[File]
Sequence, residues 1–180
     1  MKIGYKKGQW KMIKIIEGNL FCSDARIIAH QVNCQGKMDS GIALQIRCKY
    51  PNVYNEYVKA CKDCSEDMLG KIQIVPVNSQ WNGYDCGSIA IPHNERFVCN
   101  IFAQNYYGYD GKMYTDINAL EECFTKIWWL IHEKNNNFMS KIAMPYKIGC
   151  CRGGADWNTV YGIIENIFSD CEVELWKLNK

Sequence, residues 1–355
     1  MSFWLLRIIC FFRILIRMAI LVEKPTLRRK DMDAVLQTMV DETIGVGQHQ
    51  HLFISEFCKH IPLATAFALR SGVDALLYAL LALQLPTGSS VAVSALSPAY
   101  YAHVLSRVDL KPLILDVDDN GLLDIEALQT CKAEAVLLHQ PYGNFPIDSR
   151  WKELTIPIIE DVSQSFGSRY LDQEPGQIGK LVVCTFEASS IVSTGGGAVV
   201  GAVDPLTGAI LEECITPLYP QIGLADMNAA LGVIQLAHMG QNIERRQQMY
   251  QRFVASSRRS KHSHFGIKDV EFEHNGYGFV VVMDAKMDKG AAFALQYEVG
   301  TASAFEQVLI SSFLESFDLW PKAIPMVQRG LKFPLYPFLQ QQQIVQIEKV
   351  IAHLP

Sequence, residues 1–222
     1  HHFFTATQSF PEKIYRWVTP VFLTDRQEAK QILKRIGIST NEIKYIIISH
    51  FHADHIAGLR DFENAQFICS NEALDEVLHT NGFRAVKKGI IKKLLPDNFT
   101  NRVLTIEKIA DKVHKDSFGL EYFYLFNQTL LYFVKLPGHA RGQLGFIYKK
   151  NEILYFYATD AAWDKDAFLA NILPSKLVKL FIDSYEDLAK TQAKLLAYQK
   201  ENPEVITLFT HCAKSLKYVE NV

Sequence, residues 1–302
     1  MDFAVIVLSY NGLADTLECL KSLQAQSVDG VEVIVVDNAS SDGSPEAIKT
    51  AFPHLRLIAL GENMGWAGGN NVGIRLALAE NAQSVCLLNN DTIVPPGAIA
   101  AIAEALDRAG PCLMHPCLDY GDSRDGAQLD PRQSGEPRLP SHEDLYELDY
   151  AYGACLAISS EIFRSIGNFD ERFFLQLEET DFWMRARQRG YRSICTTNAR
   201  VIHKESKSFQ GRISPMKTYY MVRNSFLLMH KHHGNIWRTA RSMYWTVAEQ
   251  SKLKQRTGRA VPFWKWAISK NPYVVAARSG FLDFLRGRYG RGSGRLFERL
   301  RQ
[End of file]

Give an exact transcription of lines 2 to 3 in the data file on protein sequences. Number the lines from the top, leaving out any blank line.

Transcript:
     1  MKIGYKKGQW KMIKIIEGNL FCSDARIIAH QVNCQGKMDS GIALQIRCKY
    51  PNVYNEYVKA CKDCSEDMLG KIQIVPVNSQ WNGYDCGSIA IPHNERFVCN